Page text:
Read Genesis 3:15-24. List the various ways that God judged Adam and Eve both positively and negatively in this passage.
Though the specific word judgment does not occur in 1 Thessalonians 5:1-11, the passage is very much concerned with it. Paul wants the believers in Thessalonica to be aware that God’s judgment is not limited to something that happens in heaven at the end of time but that it has real consequences for their everyday lives.
Many people today are uncomfortable with the theme of judgment. They don’t like the implication of negativity and threat. But the biblical concept of judgment is broader than just threat, condemnation, and execution. There is also a positive side to judgment. Simple everyday actions of mercy and kindness do not go unnoticed or unrewarded (see Matt. 10:42, for example). God sees everything we do, whether positive or negative, and it all has meaning in the ultimate scheme of things.
The two-sided nature of judgment is evident in the earliest narratives of the Bible. In the Garden of Eden, God judges the sin of Adam and Eve negatively. There are consequences of sin in relation to childbirth, farming, and where they are allowed to live. At the same time, God judges them positively. He creates enmity between them and Satan and mercifully clothes them with skins so they will not suffer unduly in the changing environment. Even more important, those skins symbolized the righteousness of Christ that would cover their sin, as well.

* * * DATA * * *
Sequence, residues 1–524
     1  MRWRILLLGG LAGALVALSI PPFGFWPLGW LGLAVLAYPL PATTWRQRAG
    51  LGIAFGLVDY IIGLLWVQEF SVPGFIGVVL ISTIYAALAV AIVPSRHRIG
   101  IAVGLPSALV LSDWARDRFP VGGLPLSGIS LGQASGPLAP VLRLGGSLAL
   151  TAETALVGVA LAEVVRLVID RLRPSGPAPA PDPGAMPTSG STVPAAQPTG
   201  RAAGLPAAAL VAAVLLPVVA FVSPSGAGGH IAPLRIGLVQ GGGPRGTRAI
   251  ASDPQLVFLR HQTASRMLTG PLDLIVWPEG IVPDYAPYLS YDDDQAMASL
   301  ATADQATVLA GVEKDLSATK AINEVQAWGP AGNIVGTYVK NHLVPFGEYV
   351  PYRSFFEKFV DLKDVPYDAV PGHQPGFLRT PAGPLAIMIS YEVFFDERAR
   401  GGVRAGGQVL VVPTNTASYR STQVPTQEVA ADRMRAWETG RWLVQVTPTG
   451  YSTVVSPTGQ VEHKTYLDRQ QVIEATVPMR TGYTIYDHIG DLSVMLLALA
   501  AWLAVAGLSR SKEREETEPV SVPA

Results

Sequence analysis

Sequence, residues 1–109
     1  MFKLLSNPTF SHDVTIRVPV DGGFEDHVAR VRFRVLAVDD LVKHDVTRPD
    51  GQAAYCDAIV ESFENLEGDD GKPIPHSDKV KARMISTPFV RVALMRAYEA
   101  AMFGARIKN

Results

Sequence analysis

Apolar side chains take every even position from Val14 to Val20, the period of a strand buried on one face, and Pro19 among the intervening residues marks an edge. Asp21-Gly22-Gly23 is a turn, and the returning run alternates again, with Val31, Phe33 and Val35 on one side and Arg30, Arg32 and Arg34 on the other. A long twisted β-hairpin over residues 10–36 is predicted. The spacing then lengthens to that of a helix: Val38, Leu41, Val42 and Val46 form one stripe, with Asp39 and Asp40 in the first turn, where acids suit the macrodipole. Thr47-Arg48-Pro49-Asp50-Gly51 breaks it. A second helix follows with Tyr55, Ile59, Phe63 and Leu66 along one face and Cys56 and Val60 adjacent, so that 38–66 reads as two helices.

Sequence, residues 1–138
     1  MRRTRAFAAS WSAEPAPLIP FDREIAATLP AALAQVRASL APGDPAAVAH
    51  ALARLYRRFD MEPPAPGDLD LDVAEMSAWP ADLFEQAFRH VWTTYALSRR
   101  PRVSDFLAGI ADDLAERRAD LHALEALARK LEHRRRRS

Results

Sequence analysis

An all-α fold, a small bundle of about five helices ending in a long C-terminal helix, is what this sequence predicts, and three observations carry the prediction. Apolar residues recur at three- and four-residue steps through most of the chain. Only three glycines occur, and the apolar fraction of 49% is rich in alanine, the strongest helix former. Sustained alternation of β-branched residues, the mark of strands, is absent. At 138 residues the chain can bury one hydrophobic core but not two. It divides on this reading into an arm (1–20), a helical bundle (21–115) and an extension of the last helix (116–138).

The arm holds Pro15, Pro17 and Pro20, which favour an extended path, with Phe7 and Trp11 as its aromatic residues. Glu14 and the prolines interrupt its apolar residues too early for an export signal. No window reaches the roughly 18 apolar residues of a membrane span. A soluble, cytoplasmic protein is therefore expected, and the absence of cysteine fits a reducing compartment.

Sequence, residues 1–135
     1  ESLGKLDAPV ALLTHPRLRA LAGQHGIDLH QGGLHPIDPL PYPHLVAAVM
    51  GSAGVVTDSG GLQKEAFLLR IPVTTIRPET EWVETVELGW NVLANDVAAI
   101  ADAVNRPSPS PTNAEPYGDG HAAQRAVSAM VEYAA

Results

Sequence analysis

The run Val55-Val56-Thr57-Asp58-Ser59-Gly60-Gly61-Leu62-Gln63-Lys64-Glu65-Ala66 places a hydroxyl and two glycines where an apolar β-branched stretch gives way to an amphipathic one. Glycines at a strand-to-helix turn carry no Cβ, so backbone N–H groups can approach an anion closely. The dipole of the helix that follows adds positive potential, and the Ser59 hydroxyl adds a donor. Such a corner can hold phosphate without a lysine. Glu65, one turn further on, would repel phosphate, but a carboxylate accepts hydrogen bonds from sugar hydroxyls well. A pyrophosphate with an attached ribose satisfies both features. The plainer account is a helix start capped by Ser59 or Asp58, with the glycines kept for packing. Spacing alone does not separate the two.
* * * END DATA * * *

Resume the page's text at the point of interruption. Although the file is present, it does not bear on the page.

In Genesis 4, God judges Cain negatively by sending him into exile. But Cain also receives a positive judgment. God places a mark on him so that no one will kill him. At the time of the Flood, God judges the human race negatively by way of the destruction of the Flood but also positively by providing the ark as a way of escape (Gen. 6-9:17).
In Genesis 11 God mixes up the languages and scatters the human race all over the earth (negative). Where is the positive judgment? It is found in Abraham’s call to be a blessing to “all peoples on earth” (Gen. 12:3, NIV), the same people who were scattered at Babel years before (Gen. 11:9).
How does the truth of Christ as our substitute in judgment make that judgment positive for us? Why must we always keep that important truth in mind when we think about judgment?